Sunday, January 27, 2019

St. Julian of Sora - January 27

Relics of St. Julian of Sora
Cathedral of Santa Maria Assunta in Sora, Italy

January 27 is the feast of St. Julian of Sora, martyr.

St. Julian of Sora (San Giuliano di Sora), according to tradition, was a young Roman soldier born in Dalmatia in the 2nd century AD, belonging to the family of the gens Julia. He was a Christian and came to Italy to preach the Gospel during the reign of Emperor Antoninus Pius.

On his way to Campania he encountered a group of fellow soldiers near Anagni, whom he greeted, saying “Peace be with you, dear brothers”. The soldiers immediately suspected that Julian was a Christian, and they set about questioning him. Upon affirming his Christian faith, Julian was immediately arrested, put in chains and brought to Atina (or Sora, according to other sources).

The governor Flavianus (or, according to others, the proconsul Dacianus) sentenced Julian to a week in prison without any food or water, in the hopes that he would abandon Christianity. When Julian refused to betray his religion, he was subjected to torture on the rack.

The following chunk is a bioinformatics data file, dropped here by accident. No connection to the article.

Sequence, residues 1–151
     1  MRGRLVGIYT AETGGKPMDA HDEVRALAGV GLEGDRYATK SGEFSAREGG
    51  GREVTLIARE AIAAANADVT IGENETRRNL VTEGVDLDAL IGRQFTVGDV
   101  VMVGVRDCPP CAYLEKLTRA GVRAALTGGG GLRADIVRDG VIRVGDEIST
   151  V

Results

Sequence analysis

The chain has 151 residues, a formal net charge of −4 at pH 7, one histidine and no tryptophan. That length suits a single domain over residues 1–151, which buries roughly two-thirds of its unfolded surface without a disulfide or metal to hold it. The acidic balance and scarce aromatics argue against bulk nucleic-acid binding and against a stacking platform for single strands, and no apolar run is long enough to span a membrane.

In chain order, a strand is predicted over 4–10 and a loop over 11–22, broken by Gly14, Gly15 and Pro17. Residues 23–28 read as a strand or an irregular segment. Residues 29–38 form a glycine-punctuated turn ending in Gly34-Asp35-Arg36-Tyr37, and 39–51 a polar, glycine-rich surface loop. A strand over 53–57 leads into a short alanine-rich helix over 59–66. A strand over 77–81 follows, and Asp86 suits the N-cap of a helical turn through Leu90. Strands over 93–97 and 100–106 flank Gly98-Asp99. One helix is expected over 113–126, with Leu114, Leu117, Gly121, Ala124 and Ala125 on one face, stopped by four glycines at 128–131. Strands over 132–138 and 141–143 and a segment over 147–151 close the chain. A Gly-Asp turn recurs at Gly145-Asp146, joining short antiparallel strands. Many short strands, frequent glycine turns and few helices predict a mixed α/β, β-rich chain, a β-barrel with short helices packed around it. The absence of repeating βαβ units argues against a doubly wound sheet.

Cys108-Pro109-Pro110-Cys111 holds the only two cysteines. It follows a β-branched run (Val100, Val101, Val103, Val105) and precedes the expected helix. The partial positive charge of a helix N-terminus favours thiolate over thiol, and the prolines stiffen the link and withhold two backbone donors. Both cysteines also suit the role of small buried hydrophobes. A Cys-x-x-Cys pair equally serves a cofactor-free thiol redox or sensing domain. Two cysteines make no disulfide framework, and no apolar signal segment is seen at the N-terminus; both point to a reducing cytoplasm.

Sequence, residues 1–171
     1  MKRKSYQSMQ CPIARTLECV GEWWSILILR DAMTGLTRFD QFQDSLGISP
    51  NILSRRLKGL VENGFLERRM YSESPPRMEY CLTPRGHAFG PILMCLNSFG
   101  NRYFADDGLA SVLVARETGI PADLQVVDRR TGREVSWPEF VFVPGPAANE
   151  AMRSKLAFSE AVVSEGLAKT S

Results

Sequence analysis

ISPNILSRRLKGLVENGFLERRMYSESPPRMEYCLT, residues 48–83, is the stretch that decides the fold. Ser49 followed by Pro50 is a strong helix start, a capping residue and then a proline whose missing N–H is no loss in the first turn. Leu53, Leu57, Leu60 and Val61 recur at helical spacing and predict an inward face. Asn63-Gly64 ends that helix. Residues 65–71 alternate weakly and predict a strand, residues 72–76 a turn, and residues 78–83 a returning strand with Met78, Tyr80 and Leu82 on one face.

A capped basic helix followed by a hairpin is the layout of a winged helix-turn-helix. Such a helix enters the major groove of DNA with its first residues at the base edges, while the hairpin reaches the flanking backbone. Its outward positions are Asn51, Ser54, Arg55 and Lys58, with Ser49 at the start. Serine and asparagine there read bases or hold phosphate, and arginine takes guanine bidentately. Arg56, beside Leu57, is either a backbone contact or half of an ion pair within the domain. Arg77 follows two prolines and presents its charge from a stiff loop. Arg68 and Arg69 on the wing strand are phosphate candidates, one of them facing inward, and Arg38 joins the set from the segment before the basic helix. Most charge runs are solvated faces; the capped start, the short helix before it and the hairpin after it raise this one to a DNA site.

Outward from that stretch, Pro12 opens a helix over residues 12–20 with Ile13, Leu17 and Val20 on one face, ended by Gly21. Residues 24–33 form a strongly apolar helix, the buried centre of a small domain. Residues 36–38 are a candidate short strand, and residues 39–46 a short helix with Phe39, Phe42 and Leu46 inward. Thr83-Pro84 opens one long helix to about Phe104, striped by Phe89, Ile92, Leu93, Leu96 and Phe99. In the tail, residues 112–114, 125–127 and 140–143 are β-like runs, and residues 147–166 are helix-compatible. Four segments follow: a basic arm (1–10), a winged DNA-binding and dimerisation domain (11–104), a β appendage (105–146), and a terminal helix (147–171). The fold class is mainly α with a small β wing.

While undergoing torture, the nearby pagan Temple of Serapis collapsed. Despite being in prison at the time, Julian was blamed for the collapse and accused of being a magician by a pagan mob. The governor then sentenced Julian to death. He was beheaded in Sora, Italy on January 27th in the year 161 AD.

Originally buried near the collapsed temple, Julian's relics were discovered in 1612 inside an ancient eponymous church near Sora. In 1614 the relics were transferred to the Church of Santo Spirito in Sora. In 1802 they were transferred to the Cathedral of Santa Maria Assunta in Sora, where they remain today.